Over the past year, I’ve spoken quite a bit with you about the Arizona Bill of Rights Monument (most recently here). But now the nation’s newspaper of record has even written about it. Time to pay attention.
I was pleased this past week to see the New York Times take note of the remarkable achievement of a man named Chris Bliss—and the fact that Arizona leads the nation on this. Amazing.
Here is how NYT reporter and Phoenix Bureau Chief Fernanda Santos opens her article about MyBillofRights.org Executive Director Chris Bliss:
“It started as a joke about 10 years ago. Chris Bliss, a juggler and stand-up comedian of Internet fame, had been scanning the headlines for inspiration and discovered the controversy over a granite monument to the Ten Commandments in the rotunda of Alabama’s state judicial building.”
“‘Instead of arguing over whether to leave up or take down these displays of the Ten Commandments,’ he said in a comedy routine, ‘my suggestion is to put up displays of the Bill of Rights next to them and let people comparison shop.’”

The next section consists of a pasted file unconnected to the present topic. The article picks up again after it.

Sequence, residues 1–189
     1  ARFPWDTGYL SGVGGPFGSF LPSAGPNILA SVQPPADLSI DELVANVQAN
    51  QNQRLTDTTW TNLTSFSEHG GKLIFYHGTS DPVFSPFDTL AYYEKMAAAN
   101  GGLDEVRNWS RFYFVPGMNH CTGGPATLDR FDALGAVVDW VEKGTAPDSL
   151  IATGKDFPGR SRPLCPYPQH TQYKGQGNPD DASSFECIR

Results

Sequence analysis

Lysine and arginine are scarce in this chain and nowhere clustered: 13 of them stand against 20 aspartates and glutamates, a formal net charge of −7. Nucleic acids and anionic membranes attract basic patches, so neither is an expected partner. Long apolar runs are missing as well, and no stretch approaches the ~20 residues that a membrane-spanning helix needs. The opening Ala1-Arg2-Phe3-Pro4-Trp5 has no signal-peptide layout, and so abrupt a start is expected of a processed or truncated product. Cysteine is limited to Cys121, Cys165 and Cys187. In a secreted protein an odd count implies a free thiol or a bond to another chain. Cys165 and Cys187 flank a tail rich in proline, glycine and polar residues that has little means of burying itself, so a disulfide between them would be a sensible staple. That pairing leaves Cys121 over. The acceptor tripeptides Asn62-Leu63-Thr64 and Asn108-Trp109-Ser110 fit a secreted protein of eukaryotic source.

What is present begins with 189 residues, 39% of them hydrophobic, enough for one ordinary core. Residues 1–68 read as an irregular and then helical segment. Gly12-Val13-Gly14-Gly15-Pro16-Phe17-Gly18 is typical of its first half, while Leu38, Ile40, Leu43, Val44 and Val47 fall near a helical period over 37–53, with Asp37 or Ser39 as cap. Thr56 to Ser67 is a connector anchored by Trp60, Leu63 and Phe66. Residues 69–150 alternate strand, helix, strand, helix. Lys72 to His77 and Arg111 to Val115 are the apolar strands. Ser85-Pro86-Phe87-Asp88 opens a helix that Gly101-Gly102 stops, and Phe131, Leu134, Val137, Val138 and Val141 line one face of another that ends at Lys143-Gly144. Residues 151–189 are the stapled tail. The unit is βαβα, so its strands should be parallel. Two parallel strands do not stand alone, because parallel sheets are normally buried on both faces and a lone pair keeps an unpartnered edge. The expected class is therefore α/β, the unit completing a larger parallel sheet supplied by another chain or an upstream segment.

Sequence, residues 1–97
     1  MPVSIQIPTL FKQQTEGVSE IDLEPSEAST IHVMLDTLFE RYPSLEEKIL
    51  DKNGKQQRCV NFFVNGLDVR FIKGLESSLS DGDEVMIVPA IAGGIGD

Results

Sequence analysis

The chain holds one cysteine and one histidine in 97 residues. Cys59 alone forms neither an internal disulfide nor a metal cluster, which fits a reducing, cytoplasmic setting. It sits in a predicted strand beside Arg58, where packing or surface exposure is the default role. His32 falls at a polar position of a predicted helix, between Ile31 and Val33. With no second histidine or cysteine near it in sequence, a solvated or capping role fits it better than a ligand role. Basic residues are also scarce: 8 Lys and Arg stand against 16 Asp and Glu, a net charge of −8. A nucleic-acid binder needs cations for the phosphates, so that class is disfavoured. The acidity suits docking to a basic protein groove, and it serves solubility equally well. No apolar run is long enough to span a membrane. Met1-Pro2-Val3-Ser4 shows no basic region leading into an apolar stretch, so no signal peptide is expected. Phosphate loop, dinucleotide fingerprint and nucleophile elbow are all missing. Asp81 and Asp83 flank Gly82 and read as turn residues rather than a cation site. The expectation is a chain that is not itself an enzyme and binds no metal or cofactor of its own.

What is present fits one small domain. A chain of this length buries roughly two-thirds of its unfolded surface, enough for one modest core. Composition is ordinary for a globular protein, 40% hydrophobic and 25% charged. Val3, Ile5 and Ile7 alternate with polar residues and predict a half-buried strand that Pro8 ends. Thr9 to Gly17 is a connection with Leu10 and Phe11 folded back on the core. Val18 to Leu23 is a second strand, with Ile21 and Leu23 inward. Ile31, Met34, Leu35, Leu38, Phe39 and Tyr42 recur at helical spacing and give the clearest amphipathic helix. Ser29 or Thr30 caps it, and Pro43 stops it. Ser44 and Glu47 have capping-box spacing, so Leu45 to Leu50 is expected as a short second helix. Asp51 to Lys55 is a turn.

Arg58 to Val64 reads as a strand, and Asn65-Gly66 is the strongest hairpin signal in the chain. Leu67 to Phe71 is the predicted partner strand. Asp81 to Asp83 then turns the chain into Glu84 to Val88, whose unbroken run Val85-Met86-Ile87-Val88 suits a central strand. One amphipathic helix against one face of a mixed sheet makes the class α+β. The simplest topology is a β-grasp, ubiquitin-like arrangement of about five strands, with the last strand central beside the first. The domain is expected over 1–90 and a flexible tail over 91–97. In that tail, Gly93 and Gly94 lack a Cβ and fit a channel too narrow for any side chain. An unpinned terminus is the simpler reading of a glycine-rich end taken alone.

(Want to see what she’s referring to when she mentions juggling? Go here.)
Tomorrow morning, December 15, is the dedication of the first capital-city monument to the Bill of Rights. I’m hoping a good-sized crowd comes out to see something that will be there for generations (the limestone, that is; we’re hoping the same for the rights themselves).
To get ready for the day, enjoy this article by the First Amendment Center.
And on Change of Venue Friday, enjoy a time-lapse video of the monument’s installation, followed by detail on tomorrow’s dedication.